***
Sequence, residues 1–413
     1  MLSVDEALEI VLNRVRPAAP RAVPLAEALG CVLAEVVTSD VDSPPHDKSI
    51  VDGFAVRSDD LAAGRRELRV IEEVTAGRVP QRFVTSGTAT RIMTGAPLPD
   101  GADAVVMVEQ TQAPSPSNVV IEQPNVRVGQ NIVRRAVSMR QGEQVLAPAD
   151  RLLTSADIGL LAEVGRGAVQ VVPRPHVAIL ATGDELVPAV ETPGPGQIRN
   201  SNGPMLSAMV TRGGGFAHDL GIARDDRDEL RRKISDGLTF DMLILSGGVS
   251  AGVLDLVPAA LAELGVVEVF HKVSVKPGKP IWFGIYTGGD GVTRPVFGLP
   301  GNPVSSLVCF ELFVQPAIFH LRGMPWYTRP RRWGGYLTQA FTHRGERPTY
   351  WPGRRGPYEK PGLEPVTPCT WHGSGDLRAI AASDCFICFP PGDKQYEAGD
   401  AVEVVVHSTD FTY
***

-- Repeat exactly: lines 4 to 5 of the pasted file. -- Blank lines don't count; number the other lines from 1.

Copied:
   101  GADAVVMVEQ TQAPSPSNVV IEQPNVRVGQ NIVRRAVSMR QGEQVLAPAD
   151  RLLTSADIGL LAEVGRGAVQ VVPRPHVAIL ATGDELVPAV ETPGPGQIRN